By  on January 11, 2005

SHANGHAI — The world’s luxury brands have a new venue here in which to open up shop.

Bund 18, which launched in November, is the latest retail destination both in Shanghai and along the city’s historic waterfront, the Bund. It’s also further proof that, between its rising international profile, liberalizing markets and growing coterie of new rich, the eastern Chinese municipality of Shanghai is attracting ever-more luxury labels. Scores of retail outlets, including many a massive flagship, have opened in the past year, with many more planned, and high-end malls and boutiques are cropping up to meet the demand.

Mostly constructed in the Twenties and Thirties by Western banks and trading companies, the Bund — the curve of neoclassical structures — along the banks of the Huangpu River remains Shanghai’s signature cityscape. After decades of neglect under communism, the area remains mostly a tourist destination, and has been slow to develop the sort of consumer activity that has emerged in the downtown areas and across the river in the Pudong New Area. The seven-story Bund 18 complex is already home to two restaurants, a bar and Cartier’s China flagship, and once fully open, by April will add several other luxury shops, a cafe and an exhibition space.

The latest version of Bund 18 had its beginnings in late 2001 in Hong Kong, when managing director Janette Chang and some Shanghainese friends were lamenting the shoddy renovations of the city’s historic prewar architecture. Chang’s friends challenged her to do something about it, and in February 2002, she started looking at spaces offered by Jinsi Holding Co., the government agency that manages Bund properties. Chang and the Italian architect Filippo Gabbiani selected number 18. After submitting extensive proposals to convince the government, cautious with the highly limited and much-desired Bund properties, a 20-year lease was signed in November 2002.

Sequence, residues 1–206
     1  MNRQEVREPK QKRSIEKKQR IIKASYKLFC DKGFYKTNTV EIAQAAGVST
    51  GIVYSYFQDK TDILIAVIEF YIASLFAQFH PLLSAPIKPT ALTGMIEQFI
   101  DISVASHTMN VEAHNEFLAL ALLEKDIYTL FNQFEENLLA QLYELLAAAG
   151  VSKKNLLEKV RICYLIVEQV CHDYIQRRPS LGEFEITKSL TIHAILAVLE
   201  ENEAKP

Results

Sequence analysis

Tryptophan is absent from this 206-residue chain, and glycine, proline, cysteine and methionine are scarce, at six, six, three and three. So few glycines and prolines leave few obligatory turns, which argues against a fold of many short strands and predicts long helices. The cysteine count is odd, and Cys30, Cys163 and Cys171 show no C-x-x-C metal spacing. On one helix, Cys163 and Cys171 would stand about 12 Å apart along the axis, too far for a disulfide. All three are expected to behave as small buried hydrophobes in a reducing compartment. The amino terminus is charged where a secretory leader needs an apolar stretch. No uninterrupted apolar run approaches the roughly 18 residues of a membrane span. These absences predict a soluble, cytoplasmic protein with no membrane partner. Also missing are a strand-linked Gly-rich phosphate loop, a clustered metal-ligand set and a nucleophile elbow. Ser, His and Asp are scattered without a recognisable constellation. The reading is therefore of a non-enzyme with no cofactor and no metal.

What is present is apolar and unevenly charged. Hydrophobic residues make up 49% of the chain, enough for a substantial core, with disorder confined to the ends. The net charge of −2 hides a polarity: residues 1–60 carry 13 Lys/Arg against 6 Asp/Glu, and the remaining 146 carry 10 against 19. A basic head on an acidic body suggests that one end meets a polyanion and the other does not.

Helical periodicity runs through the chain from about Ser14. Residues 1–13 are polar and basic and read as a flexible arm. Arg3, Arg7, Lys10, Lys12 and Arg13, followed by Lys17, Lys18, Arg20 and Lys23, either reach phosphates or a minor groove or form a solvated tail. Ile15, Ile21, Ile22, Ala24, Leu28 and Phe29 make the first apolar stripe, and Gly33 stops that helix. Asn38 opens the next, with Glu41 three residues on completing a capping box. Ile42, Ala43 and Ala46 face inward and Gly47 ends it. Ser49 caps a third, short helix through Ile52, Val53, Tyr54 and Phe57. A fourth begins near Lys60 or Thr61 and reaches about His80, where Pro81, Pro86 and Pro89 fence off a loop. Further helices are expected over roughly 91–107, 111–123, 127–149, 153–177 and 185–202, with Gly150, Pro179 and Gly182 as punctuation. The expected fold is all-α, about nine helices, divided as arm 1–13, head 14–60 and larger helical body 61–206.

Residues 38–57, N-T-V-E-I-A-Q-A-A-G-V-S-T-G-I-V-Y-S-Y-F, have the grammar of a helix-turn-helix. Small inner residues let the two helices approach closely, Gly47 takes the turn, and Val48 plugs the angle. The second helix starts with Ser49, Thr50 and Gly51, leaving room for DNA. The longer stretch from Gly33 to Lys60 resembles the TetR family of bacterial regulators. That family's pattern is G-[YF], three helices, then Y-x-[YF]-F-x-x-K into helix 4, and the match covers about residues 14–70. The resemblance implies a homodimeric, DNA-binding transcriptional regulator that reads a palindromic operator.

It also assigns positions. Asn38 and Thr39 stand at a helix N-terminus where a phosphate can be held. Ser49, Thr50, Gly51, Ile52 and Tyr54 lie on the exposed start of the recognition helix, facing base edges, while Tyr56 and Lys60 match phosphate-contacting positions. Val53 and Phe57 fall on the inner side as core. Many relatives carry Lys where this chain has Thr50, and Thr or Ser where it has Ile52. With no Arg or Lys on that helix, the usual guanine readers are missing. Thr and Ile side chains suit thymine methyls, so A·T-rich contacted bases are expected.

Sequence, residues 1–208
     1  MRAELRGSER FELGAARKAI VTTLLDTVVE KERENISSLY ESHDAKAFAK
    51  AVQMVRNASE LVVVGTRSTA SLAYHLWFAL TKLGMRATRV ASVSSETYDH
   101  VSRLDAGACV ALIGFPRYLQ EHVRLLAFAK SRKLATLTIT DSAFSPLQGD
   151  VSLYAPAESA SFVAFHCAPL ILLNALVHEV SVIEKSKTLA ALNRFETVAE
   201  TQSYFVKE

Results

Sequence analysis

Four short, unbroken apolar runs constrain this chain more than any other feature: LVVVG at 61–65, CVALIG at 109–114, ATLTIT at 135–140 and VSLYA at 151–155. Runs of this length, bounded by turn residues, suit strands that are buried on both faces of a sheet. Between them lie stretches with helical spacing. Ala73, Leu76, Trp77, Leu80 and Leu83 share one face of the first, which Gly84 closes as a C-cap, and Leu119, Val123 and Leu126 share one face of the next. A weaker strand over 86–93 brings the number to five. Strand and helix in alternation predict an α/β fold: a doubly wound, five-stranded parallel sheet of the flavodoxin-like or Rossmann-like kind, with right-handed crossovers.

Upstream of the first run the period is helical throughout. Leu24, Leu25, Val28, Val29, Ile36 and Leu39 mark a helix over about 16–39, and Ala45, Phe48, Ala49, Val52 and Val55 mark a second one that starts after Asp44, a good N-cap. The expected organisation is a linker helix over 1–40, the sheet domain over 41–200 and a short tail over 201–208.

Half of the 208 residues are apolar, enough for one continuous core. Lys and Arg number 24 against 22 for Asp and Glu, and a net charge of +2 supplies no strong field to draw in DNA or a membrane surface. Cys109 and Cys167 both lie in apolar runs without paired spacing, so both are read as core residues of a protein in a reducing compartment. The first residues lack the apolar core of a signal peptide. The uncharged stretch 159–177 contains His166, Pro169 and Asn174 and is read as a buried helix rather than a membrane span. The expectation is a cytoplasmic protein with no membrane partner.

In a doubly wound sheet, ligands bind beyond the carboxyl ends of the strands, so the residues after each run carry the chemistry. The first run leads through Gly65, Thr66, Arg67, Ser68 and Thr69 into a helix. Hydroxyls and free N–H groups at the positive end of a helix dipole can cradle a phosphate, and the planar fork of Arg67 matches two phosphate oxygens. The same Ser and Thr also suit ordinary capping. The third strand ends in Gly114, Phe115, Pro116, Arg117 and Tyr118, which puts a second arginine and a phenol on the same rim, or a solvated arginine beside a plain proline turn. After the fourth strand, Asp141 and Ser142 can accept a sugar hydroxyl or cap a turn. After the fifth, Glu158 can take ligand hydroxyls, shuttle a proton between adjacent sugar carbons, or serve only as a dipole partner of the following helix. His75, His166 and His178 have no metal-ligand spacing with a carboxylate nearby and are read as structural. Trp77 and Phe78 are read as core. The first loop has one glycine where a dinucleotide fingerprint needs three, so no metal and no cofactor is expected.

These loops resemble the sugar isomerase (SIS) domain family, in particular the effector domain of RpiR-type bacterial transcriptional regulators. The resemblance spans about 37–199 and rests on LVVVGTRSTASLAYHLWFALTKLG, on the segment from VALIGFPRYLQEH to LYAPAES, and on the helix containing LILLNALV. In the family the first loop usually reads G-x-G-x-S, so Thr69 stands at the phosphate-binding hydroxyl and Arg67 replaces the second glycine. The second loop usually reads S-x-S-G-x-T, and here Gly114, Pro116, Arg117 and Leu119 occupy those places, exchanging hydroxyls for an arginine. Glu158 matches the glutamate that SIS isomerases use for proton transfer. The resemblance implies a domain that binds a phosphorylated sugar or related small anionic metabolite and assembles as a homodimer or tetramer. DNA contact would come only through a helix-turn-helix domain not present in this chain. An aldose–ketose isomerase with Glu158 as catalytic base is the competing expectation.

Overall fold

Bund 18 Real Estate Development Ltd., the parent company for the project, derives its investment not from the usual real estate speculators but from Hong Kong Union Way Holdings, a commodity firm, and First Federal Banking Co. Both have shareholders interested in historic preservation, and were motivated by Bund 18’s unprecedented — for Shanghai — ambition to authentically restore an historic building for commercial use. Most of the other commercial projects in historic Shanghai buildings, such as Xintiandi and the neighboring Three on the Bund, totally gutted or even demolished and rebuilt the original structure, but Bund 18 has returned the building to much of its original form.

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